It's a good week for vegetable bulbs—if they're encrypted on the web, that is. The same week Tor's ".onion" domain was anonymized (i.e., all sites ending in the name of the full-flavored, edible bulb will now be taken off the public Internet) by the Internet Engineering Task Force (IETF) for users of the encrypted routing system, the secret-keeping network has announced the release of its new off-the-record messenger service.

Called Tor Messenger, the beta chat system is based on the free-for-download cross-platform instant messenger Instantbird, due to the latter software's overall versatility, including protocols like TCP/IP and OSI that are written in JavaScript, a memory-safe language, and the ability to switch the said interface to support a wide berth of languages for international users.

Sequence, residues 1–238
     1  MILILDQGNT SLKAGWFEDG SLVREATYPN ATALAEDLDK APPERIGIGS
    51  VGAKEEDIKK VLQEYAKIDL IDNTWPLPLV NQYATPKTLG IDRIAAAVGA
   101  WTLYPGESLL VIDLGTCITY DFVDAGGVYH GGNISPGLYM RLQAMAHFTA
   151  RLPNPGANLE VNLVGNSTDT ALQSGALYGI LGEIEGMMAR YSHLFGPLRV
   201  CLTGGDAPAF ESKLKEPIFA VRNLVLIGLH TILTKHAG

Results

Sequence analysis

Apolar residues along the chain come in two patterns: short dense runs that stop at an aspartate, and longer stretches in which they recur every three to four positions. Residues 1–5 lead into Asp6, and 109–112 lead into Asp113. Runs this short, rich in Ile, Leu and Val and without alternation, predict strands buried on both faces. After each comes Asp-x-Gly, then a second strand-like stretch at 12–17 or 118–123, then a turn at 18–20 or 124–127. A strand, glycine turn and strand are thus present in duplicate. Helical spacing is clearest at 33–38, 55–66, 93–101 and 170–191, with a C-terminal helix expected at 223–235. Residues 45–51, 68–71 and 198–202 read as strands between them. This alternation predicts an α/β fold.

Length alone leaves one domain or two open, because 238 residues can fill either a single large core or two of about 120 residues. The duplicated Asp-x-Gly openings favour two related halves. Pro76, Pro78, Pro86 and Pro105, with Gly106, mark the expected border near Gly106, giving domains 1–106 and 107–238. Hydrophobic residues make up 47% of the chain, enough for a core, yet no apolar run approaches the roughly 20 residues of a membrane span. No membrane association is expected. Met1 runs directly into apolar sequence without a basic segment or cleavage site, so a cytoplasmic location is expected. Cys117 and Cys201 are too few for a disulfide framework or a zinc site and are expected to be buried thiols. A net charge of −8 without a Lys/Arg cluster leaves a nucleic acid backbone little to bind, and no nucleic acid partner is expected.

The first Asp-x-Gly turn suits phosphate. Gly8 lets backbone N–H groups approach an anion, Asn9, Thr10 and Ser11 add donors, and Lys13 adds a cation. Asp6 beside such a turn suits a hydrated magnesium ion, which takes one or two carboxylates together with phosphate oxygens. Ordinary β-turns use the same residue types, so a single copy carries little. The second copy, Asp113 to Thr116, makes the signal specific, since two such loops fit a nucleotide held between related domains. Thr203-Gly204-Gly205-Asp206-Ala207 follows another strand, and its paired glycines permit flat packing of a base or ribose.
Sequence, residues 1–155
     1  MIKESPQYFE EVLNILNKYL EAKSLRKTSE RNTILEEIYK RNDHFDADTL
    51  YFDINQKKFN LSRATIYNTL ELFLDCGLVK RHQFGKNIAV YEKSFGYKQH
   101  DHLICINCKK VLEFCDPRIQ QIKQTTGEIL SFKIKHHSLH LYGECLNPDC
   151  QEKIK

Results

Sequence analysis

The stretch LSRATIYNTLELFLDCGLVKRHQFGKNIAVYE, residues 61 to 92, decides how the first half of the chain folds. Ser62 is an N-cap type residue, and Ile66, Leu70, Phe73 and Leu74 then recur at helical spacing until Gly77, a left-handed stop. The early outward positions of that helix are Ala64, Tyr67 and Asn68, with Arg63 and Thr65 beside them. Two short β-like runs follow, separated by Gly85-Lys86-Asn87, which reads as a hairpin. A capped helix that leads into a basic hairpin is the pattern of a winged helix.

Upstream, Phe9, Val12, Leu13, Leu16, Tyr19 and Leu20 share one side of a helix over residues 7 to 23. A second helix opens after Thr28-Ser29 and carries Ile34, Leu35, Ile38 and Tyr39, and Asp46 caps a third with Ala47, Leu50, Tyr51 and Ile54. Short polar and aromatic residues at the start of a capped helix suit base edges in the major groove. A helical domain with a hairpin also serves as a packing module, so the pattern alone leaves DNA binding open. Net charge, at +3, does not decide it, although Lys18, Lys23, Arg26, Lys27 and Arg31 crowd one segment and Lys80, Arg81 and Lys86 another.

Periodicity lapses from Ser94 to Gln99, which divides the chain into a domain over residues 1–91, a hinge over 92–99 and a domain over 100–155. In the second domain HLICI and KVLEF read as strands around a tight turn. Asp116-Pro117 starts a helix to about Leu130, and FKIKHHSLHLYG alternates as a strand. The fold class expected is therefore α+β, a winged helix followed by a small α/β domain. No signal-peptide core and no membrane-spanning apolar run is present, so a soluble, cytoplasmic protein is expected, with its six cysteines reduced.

But don't think that just because the Tor Messenger beta is an OTR (off-the-record) offline service that it can be used for purposes that fall along the lines of dark web activity. Unlike the dark web, whose pages and other sundry online "business"—which are usually typified by more categories—Tor Messenger remains an anonymous chatting platform by sending IMs to and fro through a number of different routers, making them difficult (if not almost impossible) to trace.

As mentioned, the software is still in beta, but won't be for long—after the Tor Messenger programmers tinker with the IM's security settings, an official version will be released. Anticipated features include OTR direct messages through Twitter, encrypted file transfers, sandboxing, automatic updates, and more.

Via: BBC News

Photo: Mats Hagwal | Flickr 

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